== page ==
Wednesday, March 26, 2014

My Favorite Plant in the Garden Is...

...A primrose. But not just any primrose. It's Primula auricula marginata 'Mauve Mist.'

Given the nasty beating my garden has taken from winter's big ugly stick (not to mention my neglect), it's been quite a while since I've had a plant in my garden worthy of being labeled my favorite. But with our recent stretch of dry, sunny, if not necessarily warm, days (it reaches 50 degrees by about 1 in the afternoon, and then immediately starts declining back into the 40s), I've been making good progress on tidying the garden beds one at a time. I finally made it into the area way back under the Douglas firs, where I have a number of shade-loving selections, and what should I spy when I get there but this...

Primula auricula marginata 'Mauve Mist' -- although I wouldn't call that color mauve

Quite unlike any supermarket or big box store primrose, it has the most wonderful whorls of jagged leaves that look like someone edged each one with pinking shears, and then dusted them with flour (an interesting look in early spring on a primrose leaf, not so pretty or welcome late in the summer when it's caused by powdery mildew). The proper name for the powder is farina (although why that is also a breakfast cereal I don't know).

It's hard to get the camera to capture the true light bluish-purple color of the flowers (below it looks Gentian blue, and it's not that either). Although it's called 'Mauve Mist' it's most definitely not the pinkish shade that I consider mauve. This spring is its first time flowering, as far as I can remember.




It's available online from Digging Dog Nursery here, which has this to say about it:

"Dawdling throughout the limestone-rich areas of France and Italy's Maritime and Cottian Alps, this unique evergreen Primula promotes low growing waxy rosettes defined by thick deep-toothed blue-green leaves dusted with an alluring silvery white powder. Large, cut-flower-worthy clusters of fragrant flat-faced lavender-colored flowers further enhance the lovely soft foliar shades. Cherished as one of the most attractive early spring Primulas for an alpine garden, rockery, trough or pot, easily grown 'Mauve Mist' develops from a reliable woody rootstock, fends off deer and rabbits, and relishes a brightly shaded, sharp draining abode."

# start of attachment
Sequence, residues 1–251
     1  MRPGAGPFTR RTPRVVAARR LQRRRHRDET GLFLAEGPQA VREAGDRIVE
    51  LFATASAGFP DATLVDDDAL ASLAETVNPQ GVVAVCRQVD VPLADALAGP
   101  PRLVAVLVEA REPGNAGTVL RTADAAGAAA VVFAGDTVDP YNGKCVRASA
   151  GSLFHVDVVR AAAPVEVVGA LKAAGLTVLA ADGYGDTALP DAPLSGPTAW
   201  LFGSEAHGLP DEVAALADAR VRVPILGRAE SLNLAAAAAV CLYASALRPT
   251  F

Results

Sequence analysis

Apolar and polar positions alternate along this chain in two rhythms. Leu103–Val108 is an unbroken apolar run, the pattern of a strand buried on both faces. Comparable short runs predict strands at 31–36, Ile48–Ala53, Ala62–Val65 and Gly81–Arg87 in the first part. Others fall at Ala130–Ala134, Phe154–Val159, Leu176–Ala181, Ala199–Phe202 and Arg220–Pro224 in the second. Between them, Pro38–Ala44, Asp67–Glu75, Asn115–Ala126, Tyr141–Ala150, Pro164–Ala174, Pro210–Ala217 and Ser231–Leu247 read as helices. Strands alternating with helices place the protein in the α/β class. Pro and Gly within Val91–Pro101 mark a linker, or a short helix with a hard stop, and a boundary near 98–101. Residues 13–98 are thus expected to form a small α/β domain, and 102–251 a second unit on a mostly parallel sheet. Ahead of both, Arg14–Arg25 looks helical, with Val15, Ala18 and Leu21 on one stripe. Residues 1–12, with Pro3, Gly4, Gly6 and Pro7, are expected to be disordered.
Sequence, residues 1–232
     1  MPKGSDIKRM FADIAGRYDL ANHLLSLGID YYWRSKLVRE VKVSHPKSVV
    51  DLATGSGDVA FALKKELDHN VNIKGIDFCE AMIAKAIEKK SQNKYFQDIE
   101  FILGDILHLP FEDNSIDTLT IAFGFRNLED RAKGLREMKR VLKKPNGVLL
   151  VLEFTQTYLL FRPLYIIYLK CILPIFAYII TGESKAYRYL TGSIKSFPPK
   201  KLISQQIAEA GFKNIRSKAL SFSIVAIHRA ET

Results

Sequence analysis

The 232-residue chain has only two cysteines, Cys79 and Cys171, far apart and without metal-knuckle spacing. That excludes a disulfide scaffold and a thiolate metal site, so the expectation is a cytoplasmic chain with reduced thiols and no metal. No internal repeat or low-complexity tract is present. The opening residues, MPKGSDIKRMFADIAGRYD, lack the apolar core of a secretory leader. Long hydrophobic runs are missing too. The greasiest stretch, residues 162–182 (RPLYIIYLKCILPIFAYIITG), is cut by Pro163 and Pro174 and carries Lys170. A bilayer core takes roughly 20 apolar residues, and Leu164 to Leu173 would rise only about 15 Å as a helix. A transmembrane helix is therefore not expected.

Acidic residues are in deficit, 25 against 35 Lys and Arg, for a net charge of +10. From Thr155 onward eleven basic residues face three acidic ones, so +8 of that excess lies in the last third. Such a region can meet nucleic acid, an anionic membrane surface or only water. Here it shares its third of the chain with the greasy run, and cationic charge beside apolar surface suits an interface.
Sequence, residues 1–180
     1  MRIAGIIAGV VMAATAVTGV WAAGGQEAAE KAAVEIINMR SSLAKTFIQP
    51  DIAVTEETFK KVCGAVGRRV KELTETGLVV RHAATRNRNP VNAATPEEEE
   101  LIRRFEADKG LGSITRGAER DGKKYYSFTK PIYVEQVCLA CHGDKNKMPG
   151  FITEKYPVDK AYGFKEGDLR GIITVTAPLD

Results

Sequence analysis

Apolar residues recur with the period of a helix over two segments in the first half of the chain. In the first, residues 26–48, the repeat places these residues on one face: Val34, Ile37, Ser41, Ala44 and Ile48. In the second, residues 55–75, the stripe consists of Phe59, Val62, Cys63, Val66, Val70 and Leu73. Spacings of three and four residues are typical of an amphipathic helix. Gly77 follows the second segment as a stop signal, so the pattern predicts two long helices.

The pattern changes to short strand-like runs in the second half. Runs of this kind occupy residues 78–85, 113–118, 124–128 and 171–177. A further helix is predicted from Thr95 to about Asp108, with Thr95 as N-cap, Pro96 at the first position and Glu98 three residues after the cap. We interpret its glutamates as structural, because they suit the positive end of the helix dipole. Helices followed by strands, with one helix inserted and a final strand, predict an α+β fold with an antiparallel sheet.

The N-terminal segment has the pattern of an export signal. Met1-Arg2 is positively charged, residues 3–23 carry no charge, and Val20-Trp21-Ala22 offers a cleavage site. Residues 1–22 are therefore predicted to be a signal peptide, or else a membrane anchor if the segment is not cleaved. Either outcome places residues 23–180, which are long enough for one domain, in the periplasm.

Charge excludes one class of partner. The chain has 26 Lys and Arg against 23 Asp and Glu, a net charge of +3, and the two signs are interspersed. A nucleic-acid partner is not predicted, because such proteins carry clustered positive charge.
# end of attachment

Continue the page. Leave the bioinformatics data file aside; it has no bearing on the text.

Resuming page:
I bought my two plants while on Whidbey Island about a year and a half ago, from Cultus Bay Nursery, a trip that you can read about here.

You can find a link to a listing on Dave's Garden here, which says it is evergreen, likes partial to full shade, moist but well-drained soil, all of which have been true of its spot in my garden where it's thriving amongst its companions Cyclamen coum, Primula veris, Hepatica, various Epimediums, ferns and Podophyllum pleianthum.

My second plant, placed further back in deeper, more unrelieved shade, is flowering a bit later than its sibling.


All of this one's buds are still tightly closed